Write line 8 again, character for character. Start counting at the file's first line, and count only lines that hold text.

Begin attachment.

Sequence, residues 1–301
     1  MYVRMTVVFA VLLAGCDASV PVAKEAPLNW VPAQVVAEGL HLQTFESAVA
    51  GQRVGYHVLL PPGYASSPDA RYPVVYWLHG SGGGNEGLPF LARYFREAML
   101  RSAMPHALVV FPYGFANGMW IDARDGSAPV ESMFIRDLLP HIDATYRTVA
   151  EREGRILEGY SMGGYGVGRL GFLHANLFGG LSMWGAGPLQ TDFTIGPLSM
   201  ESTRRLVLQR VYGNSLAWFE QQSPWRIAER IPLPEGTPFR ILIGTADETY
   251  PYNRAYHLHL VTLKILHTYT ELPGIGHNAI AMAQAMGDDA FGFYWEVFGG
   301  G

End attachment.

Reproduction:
   301  G